Countdown To Cuts
PHOTO: House Speaker John Boehner of Ohio takes questions from employees after a tour of Vinylmax LLC, Feb. 11, 2013, in Hamilton, Ohio.

Al Behrman/AP Photo

By MICHAEL FALCONE ( @michaelpfalcone )


  • THE SEQUESTER GOES LOCAL: Just days remain for Congress to agree to a deficit-reduction deal that would avoid triggering the $85 billion package of automatic cuts that would be split among the federal government over seven months, half from the Defense Department. ABC's Matthew Larotonda reports that tables released by the White House yesterday indicate each state would receive penalties to mostly similar programs, including meal assistance for seniors and law enforcement grants. But the release is tailored to outline the individual impact to each state in the union. In a sample from military-heavy Virginia, "90,000 civilian Department of Defense employees would be furloughed, reducing gross pay by around $648.4 million in total." The document also says maintenance on 11 Navy vessels serviced in Old Dominion would be cancelled under the cuts. Three-hundred disadvantaged children in Colorado could lose access to child care. Meanwhile in Louisiana, "1,730 fewer children will receive vaccines for diseases such as measles, mumps, rubella, tetanus, whooping cough, influenza, and Hepatitis B due to reduced funding for vaccinations of about $118,000," it reads.
  • FROM THE SPEAKER'S OFFICE: Michael Steel, spokesman for House Speaker John Boehner frames the sequester countdown: "Republicans in the House have voted - twice - to replace President Obama's sequester with smarter spending cuts. The White House needs to spend less time explaining to the press how bad the sequester will be and more time actually working to stop it."
  • ON THE AGENDA: This morning President Obama and Vice President Joe Biden deliver remarks to the National Governors Association at the White House. ABC's Mary Bruce reports that Obama's meeting with the governors comes as the White House is warning of the state-by-state impact of the sequester in its latest attempt to urge lawmakers to compromise on a deal to avert the looming cuts. Meanwhile, ABC's John Parkinson notes that after a nine-day recess, lawmakers return to the Capitol today with just five days remaining until sequestration kicks in.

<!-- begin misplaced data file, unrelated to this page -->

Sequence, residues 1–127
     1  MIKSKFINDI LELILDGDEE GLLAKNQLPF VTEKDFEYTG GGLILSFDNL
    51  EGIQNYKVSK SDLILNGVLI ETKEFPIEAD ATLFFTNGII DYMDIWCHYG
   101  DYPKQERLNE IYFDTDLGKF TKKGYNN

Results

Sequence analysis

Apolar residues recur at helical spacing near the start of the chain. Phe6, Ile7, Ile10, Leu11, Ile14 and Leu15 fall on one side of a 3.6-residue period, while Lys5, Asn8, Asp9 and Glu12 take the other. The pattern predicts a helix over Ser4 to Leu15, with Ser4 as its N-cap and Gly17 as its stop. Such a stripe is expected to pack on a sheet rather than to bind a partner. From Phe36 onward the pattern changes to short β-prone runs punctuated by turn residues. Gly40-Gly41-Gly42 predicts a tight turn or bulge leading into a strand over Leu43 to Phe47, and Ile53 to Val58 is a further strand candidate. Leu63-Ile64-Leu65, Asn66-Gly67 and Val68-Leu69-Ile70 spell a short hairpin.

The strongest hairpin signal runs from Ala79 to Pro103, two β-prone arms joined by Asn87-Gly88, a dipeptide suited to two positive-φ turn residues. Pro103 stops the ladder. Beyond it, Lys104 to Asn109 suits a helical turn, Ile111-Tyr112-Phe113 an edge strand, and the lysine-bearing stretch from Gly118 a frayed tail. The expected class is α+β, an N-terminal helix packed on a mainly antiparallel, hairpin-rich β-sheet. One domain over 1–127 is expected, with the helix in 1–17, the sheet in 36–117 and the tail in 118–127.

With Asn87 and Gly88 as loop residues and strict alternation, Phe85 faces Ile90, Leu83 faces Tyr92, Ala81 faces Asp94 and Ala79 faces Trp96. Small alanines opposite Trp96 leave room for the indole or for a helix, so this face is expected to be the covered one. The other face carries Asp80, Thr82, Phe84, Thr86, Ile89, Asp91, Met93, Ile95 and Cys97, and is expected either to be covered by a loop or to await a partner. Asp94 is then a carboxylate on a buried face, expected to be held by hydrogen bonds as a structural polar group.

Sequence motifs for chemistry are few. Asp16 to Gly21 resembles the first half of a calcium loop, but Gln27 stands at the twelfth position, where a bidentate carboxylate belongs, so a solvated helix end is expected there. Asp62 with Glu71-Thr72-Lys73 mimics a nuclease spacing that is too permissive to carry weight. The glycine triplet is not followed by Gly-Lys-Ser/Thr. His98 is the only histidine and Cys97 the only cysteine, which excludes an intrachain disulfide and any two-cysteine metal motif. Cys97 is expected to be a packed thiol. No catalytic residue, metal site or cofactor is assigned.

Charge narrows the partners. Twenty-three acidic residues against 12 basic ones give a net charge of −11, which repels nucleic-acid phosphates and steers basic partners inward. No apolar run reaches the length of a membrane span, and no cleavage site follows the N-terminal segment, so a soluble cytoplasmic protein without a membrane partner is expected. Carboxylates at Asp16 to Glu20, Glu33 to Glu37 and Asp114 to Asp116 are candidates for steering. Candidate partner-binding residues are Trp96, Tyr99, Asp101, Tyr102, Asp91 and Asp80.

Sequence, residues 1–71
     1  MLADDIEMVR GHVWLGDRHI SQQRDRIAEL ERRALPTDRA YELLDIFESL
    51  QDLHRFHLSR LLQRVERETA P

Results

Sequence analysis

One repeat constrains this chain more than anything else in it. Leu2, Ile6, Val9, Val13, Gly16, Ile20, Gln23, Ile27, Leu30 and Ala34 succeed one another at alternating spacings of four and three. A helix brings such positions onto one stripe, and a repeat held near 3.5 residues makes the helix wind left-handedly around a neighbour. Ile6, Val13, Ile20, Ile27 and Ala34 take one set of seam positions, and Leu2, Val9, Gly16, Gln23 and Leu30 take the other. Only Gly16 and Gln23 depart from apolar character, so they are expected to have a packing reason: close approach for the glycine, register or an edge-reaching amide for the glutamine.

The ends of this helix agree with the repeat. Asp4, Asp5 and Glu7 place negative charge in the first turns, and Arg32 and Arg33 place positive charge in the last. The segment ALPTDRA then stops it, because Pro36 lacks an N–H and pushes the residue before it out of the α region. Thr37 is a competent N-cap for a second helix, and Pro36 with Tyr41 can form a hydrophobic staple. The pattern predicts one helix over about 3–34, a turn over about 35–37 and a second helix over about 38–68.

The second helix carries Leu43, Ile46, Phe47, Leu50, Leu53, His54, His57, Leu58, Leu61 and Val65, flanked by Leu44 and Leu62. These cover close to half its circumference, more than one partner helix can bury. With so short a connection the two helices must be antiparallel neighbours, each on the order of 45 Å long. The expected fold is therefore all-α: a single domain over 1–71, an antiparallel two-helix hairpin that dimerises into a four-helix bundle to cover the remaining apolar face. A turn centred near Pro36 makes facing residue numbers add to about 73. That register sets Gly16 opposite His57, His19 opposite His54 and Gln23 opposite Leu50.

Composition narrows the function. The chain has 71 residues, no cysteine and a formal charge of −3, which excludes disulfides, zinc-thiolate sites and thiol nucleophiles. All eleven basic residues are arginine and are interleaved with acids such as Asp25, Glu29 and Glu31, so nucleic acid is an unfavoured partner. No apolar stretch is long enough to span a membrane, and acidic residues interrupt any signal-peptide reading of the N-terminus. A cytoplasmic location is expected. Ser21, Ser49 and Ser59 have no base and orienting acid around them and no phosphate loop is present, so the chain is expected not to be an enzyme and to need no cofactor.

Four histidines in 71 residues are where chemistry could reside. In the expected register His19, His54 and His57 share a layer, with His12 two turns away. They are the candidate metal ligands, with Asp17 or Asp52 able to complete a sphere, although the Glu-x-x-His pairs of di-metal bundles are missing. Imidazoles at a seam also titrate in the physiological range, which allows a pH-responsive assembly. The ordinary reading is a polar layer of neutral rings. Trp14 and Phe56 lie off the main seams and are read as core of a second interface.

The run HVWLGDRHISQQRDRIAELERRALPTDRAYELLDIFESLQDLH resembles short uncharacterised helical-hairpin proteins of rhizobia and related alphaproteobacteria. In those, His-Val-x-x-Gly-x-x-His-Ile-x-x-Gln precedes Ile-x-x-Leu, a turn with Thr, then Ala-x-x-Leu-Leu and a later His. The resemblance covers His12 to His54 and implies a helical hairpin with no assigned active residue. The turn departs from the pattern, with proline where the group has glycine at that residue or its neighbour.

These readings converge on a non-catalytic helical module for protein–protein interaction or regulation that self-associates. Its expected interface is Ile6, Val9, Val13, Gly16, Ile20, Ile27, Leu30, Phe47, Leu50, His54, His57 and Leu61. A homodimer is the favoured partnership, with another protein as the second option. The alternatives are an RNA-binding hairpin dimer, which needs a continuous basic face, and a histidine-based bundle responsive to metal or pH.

• ABC NEWS WELCOMES JEFF ZELENY: From ABC News President Ben Sherwood: "I am pleased to announce that Jeff Zeleny is coming to ABC News as our Senior Washington Correspondent covering Congress and politics. … Over the past 12 years Jeff has traveled to all 50 states and reported from more than two-dozen countries while covering four Presidential campaigns including Barack Obama's road to the White House, the Tea Party movement, Capitol Hill and the inside game of politics. … A Nebraska native, Jeff is one of the country's premier political journalists. … Jeff will bring his many talents to all our broadcasts and platforms. No stranger to the Sunday morning shows, he will contribute regularly to our 'This Week' roundtable."


ABC's RICK KLEIN: For the sequester to have done its intended job - that being to never happen at all - both sides needed to hate it roughly equally. The perfect formula seemed to be to pair domestic spending cuts with defense cuts, a sacred cow for a sacred cow. But Republican religion has changed. As The New York Times' Jonathan Weisman and Ashley Parker rightly point out, in today's GOP, fiscal discipline trumps all, even defense spending. The sequester was never going to self-destruct - it had to be destroyed. That would have taken … cooperation. You can read their story here:

ABC's MICHAEL FALCONE: It's not over yet. The 2012 presidential campaign, that it. At least not if you ask former top Mitt Romney strategist, Stuart Stevens, who penned an Op-Ed in the Washington Post today. "There seems to be a desire to blame Republicans' electoral difficulties and the Romney campaign's loss on technological failings. I wish this were the problem, because it would be relatively easy to fix. But it's not." Stevens goes onto argue that it was a generation and message gap that ailed the GOP last year and ultimately lost Romney the election. The Democrats' superior technology was only part of it. Stevens has been re-litigating the campaign in Op-Eds like today's as well as interviews, like his recent conversation with ABC's Jonathan Karl on "This Week." But we're about to get a chance to hear from Romney, himself, about what went wrong in 2012 and what the Republican Party needs to get right going forward: First, with an appearance on "Fox News Sunday" next weekend (the former Republican presidential hopeful's first major interview since the election) and then the week after, with a speech at the Conservative Political Action Conference outside Washington, DC. You can read Stevens' Op-Ed here: